I feel extremely lucky to do the work I do and share the lives of some really special birds. I was drawn to seabirds for their mastery of the pelagic world. They are birds that few people get to see, living most of their lives out on the ocean. In Auckland we are lucky to have so many surrounding us in the Hauraki Gulf, breeding on islands and pockets of the mainland that are well enough protected from predators.
It takes a lot of effort to keep seabirds safe in New Zealand. Building fences is not a solution – it’s just one tool in our repertoire, which also includes constant vigilance and hundreds upon hundreds of volunteer hours. And even then, bringing the birds back and helping them find habitat to breed where we can effectively look after them takes effort. Nest-boxes are dug into sun-baked soil, pasture replanted to grow back into suitable seabird real-estate.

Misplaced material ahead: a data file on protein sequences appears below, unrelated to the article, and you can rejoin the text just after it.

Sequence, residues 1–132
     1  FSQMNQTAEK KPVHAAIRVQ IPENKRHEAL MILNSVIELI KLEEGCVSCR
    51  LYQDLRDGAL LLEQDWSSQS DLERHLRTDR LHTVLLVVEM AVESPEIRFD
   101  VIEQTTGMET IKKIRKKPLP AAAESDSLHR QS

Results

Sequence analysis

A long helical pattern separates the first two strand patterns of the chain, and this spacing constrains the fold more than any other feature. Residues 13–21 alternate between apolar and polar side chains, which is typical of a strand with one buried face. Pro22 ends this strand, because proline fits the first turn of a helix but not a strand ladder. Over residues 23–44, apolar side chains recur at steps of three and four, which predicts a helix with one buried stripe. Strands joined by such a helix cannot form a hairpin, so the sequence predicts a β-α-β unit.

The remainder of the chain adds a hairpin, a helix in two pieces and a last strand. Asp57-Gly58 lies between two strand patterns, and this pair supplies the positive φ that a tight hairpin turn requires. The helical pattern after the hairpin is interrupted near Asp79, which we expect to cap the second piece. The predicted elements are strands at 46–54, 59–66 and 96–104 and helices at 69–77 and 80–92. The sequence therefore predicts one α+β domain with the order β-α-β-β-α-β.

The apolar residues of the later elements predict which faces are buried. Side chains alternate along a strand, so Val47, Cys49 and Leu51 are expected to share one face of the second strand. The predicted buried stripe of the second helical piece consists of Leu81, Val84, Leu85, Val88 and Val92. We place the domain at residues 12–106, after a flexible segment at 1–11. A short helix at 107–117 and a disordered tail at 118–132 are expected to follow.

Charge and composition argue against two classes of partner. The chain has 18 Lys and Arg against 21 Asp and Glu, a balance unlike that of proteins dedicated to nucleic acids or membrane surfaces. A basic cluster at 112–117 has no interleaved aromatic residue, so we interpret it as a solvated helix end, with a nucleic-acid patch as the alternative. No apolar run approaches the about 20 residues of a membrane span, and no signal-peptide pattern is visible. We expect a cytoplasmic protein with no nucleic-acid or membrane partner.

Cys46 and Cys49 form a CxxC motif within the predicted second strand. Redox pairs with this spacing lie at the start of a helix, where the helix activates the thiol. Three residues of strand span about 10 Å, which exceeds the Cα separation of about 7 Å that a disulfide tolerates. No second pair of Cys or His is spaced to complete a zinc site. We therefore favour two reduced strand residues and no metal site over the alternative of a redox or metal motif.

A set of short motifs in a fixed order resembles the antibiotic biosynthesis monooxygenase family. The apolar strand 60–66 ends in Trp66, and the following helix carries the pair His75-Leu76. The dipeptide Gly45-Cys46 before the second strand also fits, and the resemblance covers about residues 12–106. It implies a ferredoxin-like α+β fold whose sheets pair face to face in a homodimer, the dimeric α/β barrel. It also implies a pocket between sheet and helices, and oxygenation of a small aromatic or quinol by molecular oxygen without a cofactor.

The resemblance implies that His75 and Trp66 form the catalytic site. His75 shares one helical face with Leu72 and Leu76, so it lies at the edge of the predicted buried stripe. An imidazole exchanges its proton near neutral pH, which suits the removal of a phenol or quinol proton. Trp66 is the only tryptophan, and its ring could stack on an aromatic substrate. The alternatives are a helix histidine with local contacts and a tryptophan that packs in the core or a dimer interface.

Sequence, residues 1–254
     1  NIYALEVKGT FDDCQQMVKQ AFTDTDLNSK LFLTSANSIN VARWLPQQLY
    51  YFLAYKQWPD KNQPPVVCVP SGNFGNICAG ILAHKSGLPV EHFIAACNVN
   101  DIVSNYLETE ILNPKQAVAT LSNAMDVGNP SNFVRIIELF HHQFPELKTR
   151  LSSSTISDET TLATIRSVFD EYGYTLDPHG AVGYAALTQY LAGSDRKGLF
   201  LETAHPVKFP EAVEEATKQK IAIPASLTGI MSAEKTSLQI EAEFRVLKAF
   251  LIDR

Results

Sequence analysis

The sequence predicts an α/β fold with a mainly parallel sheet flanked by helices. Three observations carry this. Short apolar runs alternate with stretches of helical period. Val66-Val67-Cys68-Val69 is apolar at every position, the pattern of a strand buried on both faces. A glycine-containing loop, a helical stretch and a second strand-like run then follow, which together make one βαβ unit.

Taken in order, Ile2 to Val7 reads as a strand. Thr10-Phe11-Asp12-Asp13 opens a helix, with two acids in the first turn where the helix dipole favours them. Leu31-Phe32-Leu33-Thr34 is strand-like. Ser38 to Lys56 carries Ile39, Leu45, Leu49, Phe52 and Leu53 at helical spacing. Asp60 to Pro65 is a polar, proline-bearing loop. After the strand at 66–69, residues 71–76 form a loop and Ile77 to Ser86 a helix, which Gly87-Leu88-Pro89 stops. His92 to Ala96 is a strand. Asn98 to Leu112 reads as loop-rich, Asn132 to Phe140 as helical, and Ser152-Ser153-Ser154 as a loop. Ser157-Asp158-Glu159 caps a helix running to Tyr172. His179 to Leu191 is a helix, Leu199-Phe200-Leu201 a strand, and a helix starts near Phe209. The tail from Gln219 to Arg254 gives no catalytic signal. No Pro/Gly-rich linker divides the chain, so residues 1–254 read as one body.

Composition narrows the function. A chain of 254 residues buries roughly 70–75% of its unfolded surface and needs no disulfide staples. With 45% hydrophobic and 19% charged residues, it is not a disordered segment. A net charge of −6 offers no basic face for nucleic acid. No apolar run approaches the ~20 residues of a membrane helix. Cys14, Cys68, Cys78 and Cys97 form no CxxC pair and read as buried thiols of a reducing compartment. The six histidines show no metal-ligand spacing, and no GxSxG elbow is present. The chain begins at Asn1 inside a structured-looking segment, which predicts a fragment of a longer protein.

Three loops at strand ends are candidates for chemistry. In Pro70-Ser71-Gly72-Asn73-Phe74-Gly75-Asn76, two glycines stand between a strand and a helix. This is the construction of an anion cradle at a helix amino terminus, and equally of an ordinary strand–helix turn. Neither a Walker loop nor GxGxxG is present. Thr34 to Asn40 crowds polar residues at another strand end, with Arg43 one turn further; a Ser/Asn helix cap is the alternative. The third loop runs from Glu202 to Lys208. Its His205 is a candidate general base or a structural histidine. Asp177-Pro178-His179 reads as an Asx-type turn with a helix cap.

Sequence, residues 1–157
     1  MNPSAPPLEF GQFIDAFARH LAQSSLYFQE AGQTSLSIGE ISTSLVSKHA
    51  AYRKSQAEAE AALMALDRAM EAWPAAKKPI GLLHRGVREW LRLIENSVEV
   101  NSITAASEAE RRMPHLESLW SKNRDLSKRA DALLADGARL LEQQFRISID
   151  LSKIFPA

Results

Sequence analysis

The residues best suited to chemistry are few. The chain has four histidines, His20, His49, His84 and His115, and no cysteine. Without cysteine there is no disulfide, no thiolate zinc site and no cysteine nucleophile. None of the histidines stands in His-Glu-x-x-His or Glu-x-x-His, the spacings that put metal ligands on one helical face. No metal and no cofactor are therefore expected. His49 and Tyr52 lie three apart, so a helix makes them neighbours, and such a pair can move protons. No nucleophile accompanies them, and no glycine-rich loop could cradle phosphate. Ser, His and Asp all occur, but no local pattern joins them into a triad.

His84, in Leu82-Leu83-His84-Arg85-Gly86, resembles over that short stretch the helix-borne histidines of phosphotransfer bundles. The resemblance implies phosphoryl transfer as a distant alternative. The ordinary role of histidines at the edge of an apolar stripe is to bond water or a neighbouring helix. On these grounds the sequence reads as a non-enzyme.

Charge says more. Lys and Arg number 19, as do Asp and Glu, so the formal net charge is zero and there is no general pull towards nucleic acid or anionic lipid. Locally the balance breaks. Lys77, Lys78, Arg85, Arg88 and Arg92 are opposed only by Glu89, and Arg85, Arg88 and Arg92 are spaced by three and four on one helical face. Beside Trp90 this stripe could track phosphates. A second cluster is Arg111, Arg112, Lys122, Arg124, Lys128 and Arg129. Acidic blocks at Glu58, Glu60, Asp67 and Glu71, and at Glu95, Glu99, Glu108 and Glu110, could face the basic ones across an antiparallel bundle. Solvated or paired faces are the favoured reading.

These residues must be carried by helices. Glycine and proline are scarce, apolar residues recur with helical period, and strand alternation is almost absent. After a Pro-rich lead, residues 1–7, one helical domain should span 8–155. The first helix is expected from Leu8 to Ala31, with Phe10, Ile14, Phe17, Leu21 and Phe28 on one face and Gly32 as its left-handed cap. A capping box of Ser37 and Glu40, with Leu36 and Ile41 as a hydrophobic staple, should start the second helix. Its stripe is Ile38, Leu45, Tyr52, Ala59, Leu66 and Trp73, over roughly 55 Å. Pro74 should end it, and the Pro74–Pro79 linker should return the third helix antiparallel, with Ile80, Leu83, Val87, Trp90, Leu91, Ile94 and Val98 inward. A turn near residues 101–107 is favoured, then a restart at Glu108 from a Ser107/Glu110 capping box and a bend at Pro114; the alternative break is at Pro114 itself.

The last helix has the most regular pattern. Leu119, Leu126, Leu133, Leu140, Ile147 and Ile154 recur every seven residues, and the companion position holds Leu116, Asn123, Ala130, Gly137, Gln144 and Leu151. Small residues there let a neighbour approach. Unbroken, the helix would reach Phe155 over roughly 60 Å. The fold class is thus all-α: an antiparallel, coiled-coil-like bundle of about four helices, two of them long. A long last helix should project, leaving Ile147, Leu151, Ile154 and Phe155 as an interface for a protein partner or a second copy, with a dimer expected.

In some places it’s harder than others. One of my study sites last year was a small island just off the coast – less than 50m off the coast. Rat eradication there is possible – and it has been done in the past – but it’s just too close to the mainland to stop the rats getting back out there. Even with regular trapping efforts along the coast, it would take a lot more money than is available to keep it pest-free. The Grey-faced petrels there are persisting, they’re a species that is relatively robust to rat presence, but the colony isn’t doing well and fledging rates are low.
Holding a cute fluffy seabird chick in your hands is a special feeling. Not just for the obvious reasons – we all love a good bundle of fluff. But also for what it represents. The lengths we go to in protecting our native fauna. The effort and the drive to restore some balance to these ecosystems that we’ve upturned. The passion that we share for finding out more about these beautiful creatures to we can look after them more effectively.
And that’s something to be positive about.